DigitalNC is happy to announce that we now host 29 issues of the Chapel Hill High School student newspaper, Proconian, from the years 1944 and 1945. Along with the newspapers, this upload includes 3 Chapel Hill High School yearbooks, Hillife, from the years 1969, 1970, and 1971. This brings our collection of Hillife yearbooks to 42. We would like to thank our partners at the Chapel Hill Historical Society for making these additions possible.
The Proconian issues focus on high school life, often with attention to the Chapel Hill High School Wildcats sports events and highlights. Other school events and faculty are frequently spotlighted. As the issues encompass the end of World War II, there are brief mentions of wartime activities, such as students entering the armed forces and chemical warfare demonstrations.
Covering a completely different generation of Chapel Hill High School students, the Hillife yearbooks depict the usual fare, including photos of the graduating class, clubs, sports, and popular yearly events.
To view all the Hillife yearbooks, from 1925 to 1971, click here. To take a look at the Proconian issues by front page, click here. And to learn more about the Chapel Hill Historical Society, you can visit their home page here.
We’re pleased to have added to DigitalNC over 600 issues of the Jones County Journal, dating from the first issue in 1949 through 1961. This paper has been digitized on behalf of the Neuse Regional Library System which serves Greene, Lenoir, and Jones Counties. Due to the quality of the microfilm from which these scans were completed, most of the photographs in the newspaper are of poor quality or completely dark, however the text has rendered clear.
The Journal was published in Trenton, N.C. by the Lenoir County News Company. The first issue lists Mrs. Rachel Cox as editor and women are prevalent as news gatherers in that issue’s “Opening Remarks,” though this changes in later issues.
The Journal features a lot of news and advertisements from the more populous nearby Lenoir County, but Jones County residents get more coverage as the paper matures. The paper covers tobacco farming and agriculture, local government, and personal news like weddings, obituaries, and social events. Many of the earlier issues discuss traffic and accidents as more and more residents purchased automobiles.
Below is the front page of the Journal published right after Hurricane Hazel made landfall in the state in mid-October, 1954. Hazel caused casualties, severe flooding, and heavy property damage. In the United States, coastal and other eastern counties in the Carolinas suffered the most. The front page below shows some of the worst hit Kinston homes and business after the storm.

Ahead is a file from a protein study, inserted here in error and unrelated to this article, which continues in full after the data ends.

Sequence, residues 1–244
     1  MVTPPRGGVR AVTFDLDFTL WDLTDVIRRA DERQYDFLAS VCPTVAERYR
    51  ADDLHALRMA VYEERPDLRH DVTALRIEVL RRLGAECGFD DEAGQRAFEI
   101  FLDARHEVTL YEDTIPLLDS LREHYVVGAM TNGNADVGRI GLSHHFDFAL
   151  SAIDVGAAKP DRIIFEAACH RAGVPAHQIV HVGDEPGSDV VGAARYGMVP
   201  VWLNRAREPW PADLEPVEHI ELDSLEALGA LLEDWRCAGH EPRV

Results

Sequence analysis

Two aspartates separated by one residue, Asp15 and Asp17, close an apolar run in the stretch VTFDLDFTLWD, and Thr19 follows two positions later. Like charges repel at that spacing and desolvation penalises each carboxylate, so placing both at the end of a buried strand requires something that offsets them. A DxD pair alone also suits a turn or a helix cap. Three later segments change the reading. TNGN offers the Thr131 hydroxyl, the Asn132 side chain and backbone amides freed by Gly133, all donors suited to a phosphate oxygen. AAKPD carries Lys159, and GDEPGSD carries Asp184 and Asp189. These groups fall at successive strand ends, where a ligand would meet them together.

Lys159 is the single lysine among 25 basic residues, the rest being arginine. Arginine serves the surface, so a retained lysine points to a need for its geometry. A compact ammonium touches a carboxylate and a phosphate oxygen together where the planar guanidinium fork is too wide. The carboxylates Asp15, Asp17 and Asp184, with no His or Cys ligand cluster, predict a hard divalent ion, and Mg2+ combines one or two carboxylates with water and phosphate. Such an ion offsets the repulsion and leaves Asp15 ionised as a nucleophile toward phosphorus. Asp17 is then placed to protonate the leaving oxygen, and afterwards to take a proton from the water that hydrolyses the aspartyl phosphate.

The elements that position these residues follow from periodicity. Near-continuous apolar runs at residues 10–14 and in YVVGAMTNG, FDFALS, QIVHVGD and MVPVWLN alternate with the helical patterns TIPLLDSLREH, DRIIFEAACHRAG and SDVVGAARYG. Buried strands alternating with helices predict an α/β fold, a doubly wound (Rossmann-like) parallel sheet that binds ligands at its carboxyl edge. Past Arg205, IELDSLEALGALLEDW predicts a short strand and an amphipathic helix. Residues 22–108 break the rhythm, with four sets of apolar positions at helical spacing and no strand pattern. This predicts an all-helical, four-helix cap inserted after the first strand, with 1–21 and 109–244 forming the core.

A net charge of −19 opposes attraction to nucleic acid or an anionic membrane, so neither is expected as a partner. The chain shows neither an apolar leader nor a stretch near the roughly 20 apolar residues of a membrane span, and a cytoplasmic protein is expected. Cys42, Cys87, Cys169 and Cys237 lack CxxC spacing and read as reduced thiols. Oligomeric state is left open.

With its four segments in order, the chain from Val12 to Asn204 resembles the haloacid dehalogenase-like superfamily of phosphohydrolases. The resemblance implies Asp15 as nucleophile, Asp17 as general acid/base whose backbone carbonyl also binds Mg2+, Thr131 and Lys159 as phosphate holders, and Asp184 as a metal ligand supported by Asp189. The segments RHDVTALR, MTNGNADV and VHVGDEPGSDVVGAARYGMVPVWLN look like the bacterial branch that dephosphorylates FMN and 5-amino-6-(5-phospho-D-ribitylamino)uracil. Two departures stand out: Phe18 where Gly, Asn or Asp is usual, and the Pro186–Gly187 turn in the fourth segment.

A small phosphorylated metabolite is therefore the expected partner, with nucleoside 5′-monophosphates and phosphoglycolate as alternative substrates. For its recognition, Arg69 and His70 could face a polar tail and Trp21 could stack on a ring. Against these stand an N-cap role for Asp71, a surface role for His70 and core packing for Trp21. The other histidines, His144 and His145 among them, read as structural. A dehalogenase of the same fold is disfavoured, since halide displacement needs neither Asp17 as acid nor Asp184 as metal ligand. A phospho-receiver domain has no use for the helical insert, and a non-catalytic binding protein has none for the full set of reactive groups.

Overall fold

Jones County is only lightly represented on DigitalNC, so we’re glad to add this newspaper for researchers. If you’d like to view other items we’ve digitized for that area, head over to the Counties page. You can also look at all of the work we’ve completed for Neuse Regional Library.
Over 2000 issues of The Commonwealth, a paper published in Scotland Neck, are now on DigitalNC. The issues span 40 years, from 1882 to 1922, adding a lot of coverage in our newspaper collection from the coastal region of the state. The very first issue, published August 24, 1882, is included in this batch, stating it was an “uncompromising Democratic journal.” The paper had a definite editorial stance supporting the Democrats both statewide and nationally and attacking the Republican party, which was the party of Black and white in North Carolina, while the Democrats were against any efforts at integration. This editorial stance continues into the 20th century, with an interesting gap in publication the week of the coup in Wilmington in 1898, but the following week had an editorial in support of the actions taken by the white supremists in the city. By the 1920s, more of a focus on news and less of an editorial bent seems evident, with their tagline being “All the News in a Nutshell.”
To view more newspapers on DigitalNC, visit our North Carolina Newspapers collection.
Digitization of this newspaper is made possible in part by the National Endowment for the Humanities: Democracy demands wisdom.